This is a fitting follow-up to yesterday’s quote by filmmaker John Sayles about the difficulty of making money these days as an independent filmmaker. Joe Swanberg may be the most prolific filmmaker in the United States. Some filmmakers make six films in their career—Swanberg’s made that many in one year.
To date he’s made 29 (feature and short) films . I haven’t seen any of them—and you may not of seen any of them, or even heard of any of them—but you have to admit that making 29 films the last decade or so is a pretty impressive feat.
He’s made enough money (via small distribution deals, writing scripts for hire, and directing a project for HBO) to eke out a living including having insurance, and buying a house and with his wife. (From what I can gather they still ahem some student loan and credit card debt.)
The Chicago-based filmmaker also joined the WGA and the DGA, and his 2014 film Happy Christmas featured Anna Kendrick and Lena Dunham in the cast.
“There are a lot of filmmakers I know who are making very sincere attempts to make work that is commercial, but they don’t know what that means. They pitch me a project: ‘I’m tired of doing the arty thing. I’m working on a screenplay now that I think I can attach some famous people to and actually make some money.’ And then they tell you the idea and you’re just like, ‘Never in a million years is a) any famous actor going to want to do that movie; or b) is any distributor going to want to put it out. You are so deluded right now. You don’t know what ‘commercial’ means.’ And these are smart people, but they shouldn’t be thinking about ‘commercial.’ They stand a better chance of making money by following their own whacko artistic vision.”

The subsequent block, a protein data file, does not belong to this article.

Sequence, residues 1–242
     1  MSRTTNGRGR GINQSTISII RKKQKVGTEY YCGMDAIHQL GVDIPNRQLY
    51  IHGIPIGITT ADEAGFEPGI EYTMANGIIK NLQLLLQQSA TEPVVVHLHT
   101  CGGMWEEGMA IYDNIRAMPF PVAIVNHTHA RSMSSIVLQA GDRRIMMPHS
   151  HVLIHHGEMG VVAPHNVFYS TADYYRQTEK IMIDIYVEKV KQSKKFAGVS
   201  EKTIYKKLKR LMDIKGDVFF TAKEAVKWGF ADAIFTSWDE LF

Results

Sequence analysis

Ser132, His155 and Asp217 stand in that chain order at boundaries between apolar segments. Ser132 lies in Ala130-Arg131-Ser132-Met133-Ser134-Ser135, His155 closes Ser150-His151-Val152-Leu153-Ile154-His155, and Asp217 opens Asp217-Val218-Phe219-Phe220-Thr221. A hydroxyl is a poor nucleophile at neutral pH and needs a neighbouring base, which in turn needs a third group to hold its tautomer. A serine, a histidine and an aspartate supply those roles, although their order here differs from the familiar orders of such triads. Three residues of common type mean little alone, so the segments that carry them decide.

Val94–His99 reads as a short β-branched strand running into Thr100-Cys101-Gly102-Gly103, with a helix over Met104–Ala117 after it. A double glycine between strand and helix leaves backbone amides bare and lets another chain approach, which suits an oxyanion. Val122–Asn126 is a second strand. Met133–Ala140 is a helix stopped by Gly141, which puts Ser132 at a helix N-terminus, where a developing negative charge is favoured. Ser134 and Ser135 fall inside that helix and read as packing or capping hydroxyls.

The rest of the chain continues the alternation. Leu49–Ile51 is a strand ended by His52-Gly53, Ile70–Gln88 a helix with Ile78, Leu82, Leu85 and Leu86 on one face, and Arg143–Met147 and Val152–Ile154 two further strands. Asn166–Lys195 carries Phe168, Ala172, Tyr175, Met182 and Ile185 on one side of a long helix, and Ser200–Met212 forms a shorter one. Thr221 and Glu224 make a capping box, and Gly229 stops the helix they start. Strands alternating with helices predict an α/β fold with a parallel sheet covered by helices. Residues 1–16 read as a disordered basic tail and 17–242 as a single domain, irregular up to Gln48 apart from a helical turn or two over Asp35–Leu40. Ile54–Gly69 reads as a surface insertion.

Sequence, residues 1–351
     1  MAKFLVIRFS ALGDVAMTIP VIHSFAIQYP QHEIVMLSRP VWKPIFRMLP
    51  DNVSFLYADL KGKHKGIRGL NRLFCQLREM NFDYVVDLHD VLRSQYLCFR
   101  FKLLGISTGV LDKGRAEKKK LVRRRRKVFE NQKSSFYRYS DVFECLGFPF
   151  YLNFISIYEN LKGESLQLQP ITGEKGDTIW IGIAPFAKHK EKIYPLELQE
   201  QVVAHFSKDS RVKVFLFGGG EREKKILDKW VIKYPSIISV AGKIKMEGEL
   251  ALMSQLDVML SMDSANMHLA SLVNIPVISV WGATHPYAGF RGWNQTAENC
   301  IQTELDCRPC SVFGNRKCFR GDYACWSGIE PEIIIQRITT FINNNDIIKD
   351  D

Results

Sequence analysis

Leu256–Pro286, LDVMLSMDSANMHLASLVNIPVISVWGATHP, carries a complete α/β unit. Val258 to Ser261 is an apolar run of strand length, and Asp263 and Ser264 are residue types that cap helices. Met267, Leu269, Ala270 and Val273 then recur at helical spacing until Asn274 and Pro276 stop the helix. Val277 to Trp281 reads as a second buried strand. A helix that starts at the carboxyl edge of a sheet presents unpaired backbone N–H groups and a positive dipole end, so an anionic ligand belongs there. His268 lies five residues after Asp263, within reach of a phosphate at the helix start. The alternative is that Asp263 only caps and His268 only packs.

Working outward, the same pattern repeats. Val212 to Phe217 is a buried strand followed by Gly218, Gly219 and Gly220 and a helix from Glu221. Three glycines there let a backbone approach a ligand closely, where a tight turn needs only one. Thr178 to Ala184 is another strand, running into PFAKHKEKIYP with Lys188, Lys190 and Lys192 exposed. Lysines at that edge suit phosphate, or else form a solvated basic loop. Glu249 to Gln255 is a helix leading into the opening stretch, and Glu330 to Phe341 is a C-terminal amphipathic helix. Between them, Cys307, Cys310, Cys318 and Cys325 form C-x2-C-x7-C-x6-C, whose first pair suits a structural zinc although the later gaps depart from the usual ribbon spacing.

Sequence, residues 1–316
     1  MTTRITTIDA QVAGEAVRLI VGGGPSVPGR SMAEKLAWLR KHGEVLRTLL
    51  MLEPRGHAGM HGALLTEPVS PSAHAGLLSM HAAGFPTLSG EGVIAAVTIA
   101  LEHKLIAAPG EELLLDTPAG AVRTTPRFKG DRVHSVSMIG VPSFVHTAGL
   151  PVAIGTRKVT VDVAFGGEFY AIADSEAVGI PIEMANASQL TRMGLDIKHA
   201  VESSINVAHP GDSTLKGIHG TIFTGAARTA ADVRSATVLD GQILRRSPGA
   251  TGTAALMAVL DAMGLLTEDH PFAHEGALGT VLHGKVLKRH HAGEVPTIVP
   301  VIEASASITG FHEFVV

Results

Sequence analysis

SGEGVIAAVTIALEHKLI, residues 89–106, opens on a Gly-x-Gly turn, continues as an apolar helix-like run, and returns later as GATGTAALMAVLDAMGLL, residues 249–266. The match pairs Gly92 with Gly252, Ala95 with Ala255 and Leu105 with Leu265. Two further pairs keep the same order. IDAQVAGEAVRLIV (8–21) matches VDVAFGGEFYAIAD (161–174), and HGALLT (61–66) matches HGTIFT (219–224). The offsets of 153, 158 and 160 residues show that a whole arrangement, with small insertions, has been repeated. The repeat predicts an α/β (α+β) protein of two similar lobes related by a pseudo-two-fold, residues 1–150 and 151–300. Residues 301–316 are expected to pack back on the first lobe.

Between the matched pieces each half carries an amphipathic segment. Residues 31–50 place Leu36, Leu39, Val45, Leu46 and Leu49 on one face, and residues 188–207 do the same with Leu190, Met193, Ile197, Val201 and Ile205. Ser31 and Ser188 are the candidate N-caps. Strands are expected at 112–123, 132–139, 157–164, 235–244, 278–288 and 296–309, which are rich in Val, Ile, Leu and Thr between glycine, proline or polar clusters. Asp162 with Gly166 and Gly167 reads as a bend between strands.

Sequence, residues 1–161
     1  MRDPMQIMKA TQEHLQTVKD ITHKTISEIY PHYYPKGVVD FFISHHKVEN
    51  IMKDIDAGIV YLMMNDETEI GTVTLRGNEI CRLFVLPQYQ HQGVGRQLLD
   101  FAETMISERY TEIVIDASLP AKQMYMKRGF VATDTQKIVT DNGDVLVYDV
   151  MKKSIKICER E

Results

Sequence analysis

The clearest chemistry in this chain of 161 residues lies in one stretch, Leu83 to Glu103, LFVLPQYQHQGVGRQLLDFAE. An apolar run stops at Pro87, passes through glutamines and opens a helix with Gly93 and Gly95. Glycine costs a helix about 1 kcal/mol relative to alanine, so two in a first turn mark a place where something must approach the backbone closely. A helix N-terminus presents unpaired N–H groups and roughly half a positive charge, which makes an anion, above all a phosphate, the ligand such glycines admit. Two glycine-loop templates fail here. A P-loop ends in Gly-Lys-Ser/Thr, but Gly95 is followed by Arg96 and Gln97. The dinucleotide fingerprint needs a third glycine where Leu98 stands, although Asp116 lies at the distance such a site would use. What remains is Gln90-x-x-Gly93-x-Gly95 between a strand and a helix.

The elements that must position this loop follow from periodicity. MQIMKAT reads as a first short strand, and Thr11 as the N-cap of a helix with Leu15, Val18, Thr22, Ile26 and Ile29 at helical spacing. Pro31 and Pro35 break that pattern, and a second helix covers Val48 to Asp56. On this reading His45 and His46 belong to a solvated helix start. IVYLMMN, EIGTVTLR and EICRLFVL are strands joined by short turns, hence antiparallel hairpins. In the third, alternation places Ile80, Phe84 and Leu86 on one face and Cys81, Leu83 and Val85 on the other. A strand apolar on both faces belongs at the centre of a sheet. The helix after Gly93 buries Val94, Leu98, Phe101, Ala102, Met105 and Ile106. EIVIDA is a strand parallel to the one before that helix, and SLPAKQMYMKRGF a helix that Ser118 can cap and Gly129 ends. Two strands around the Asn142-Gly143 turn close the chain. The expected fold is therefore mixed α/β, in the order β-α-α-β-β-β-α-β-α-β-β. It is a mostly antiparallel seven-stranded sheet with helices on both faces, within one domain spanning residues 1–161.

Writer/Director Joe Swanberg
Filmmaker Magazine interview with Esther B. Robinson